Here and are the equilibrium and saturation pressure of adsorbates at the temperature of adsorption, is the adsorbed gas volume quantity, and is the BET constant.
The bulk density of the sintered body was determined by an Archimedes’ method and converted to relative density using the theoretical density of Al2O3 (3.99 × 103 kg·m−3)  and Cu (8.99 × 103 kg·m−3) . The hardness of Al2O3-Cu nanocomposites was measured using Vicker’s indentation test under a load of 19.6 N  and the fracture toughness was evaluated by measuring the crack length generated by Vicker’s indentation . Ten points were averaged for each value of hardness and fracture toughness.
3. Results and Discussion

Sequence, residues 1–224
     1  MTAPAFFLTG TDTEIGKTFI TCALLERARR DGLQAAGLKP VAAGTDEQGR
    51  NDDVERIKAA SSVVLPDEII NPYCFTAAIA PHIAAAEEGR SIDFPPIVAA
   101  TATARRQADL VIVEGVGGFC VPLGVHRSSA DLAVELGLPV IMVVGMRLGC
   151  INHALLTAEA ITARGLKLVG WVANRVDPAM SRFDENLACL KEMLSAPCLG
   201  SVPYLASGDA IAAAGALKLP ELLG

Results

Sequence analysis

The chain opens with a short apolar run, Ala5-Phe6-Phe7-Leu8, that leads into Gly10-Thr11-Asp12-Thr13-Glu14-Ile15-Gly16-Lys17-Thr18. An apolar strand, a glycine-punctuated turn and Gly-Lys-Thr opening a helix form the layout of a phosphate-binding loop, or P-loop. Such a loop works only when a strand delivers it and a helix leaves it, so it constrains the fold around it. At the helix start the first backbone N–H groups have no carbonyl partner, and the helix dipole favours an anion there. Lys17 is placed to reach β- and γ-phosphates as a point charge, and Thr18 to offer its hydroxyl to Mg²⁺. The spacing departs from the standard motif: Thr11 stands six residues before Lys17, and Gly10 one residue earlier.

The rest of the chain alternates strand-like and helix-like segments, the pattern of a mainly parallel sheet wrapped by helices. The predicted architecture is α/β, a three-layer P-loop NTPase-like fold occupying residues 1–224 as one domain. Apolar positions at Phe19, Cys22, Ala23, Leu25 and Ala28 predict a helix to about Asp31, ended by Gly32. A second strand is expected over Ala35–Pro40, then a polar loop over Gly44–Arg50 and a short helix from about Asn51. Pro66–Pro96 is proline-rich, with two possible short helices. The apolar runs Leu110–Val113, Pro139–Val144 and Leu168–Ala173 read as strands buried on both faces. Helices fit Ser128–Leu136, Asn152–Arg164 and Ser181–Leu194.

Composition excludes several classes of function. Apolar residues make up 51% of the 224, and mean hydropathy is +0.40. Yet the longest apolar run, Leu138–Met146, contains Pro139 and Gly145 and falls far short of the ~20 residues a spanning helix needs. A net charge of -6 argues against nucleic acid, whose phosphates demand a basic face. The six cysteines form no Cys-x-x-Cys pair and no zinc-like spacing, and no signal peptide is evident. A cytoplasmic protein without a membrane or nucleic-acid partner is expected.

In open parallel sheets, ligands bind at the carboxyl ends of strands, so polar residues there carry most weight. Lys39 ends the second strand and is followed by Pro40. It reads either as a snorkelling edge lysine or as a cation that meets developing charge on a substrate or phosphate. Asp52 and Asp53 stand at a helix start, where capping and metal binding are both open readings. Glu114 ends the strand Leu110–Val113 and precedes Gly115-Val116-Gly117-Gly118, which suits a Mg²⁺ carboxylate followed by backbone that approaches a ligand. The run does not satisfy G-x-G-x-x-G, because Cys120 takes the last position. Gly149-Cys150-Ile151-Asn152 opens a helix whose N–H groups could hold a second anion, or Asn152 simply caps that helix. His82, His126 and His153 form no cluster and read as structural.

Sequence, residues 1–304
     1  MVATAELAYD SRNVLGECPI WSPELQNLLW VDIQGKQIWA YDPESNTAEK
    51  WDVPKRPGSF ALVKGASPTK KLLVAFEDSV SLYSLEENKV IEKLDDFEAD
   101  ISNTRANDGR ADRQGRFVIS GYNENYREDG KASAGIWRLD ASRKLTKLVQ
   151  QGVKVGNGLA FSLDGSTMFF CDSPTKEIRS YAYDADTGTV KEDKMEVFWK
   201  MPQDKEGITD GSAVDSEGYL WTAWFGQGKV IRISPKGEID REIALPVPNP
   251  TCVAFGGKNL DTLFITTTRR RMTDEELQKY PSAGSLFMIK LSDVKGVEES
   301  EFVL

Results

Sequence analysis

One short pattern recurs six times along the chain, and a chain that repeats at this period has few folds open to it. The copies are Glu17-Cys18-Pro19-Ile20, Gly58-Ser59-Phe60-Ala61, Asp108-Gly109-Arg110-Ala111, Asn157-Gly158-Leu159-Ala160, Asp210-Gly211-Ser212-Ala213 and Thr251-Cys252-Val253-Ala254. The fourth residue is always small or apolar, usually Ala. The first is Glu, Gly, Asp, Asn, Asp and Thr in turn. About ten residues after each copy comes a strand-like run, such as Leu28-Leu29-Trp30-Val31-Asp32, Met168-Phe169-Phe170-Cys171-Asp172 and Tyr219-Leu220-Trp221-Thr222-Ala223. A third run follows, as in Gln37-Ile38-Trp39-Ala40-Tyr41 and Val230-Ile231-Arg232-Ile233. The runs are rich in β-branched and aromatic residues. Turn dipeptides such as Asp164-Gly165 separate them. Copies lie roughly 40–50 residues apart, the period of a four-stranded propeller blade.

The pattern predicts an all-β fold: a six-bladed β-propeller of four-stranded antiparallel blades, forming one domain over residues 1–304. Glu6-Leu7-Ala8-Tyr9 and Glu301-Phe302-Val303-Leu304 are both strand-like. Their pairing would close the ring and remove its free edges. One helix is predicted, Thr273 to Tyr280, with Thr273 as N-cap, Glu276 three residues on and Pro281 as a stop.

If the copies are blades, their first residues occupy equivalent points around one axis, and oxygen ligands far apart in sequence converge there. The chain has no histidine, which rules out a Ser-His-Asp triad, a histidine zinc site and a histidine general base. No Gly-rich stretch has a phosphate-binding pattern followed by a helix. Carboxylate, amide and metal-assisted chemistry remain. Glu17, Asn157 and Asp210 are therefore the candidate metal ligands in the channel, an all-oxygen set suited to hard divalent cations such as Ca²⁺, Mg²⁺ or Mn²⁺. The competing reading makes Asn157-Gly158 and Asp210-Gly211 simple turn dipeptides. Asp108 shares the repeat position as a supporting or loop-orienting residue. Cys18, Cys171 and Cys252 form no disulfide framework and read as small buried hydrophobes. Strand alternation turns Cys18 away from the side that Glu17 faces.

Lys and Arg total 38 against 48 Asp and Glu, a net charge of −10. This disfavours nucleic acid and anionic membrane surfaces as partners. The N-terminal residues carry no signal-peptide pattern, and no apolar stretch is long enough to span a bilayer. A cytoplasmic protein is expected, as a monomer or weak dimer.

Figure 1 shows the effects of precipitation temperature () on phase structure of the RCVD-treated Al2O3 powders. At K, no Cu peaks were identified due to the low precipitation temperature. At 673 to 873 K, the diffraction peaks at 2θ = 43.3°(111) and 50.5°(200) were indexed to Cu, and no CuO and C peaks were observed. On the other hand, the intensity of Cu peaks varied with the precipitating temperature and showed the highest at 773 K. Figure 2 shows the TEM image and EDS spectrum of Cu precipitated γAl2O3 powders at 773 K. The EDS spectrum showed clearly the presence of Cu peaks. The Mo peaks were also observed due to the Mo mesh grids used to support the powder for TEM observation. However, it is difficult to distinguish the Cu nanoparticles from Al2O3 by the TEM images due to the small grain size of Al2O3 and Cu. The presence of carbon and oxygen peaks in the EDS spectra was ascribed to the thin organic film coated on the Mo mesh grid to support the powders for TEM observation. Table 1 shows the specific surface area, Cu grain size, and of Al2O3 and Al2O3-Cu powders. The specific surface area of monolithic γAl2O3 was 49.3 m2·g−1. The addition of Cu decreased the specific surface area of Al2O3 slightly from 41.8 to 45.4 m2·g−1 due to the high theoretical density of Cu (kg·m−3). The crystalline grain size of the Cu nanoparticles was obtained by Scherrer’s Formula for the strongest peak using the diffraction angle of the peak and half width of the peak area of Figure 1. The grain size of Cu increased from 18 to 28 nm with increasing the precipitating temperature from 673 to 873 K. The maximum reached 5.2 mass% at 773 K.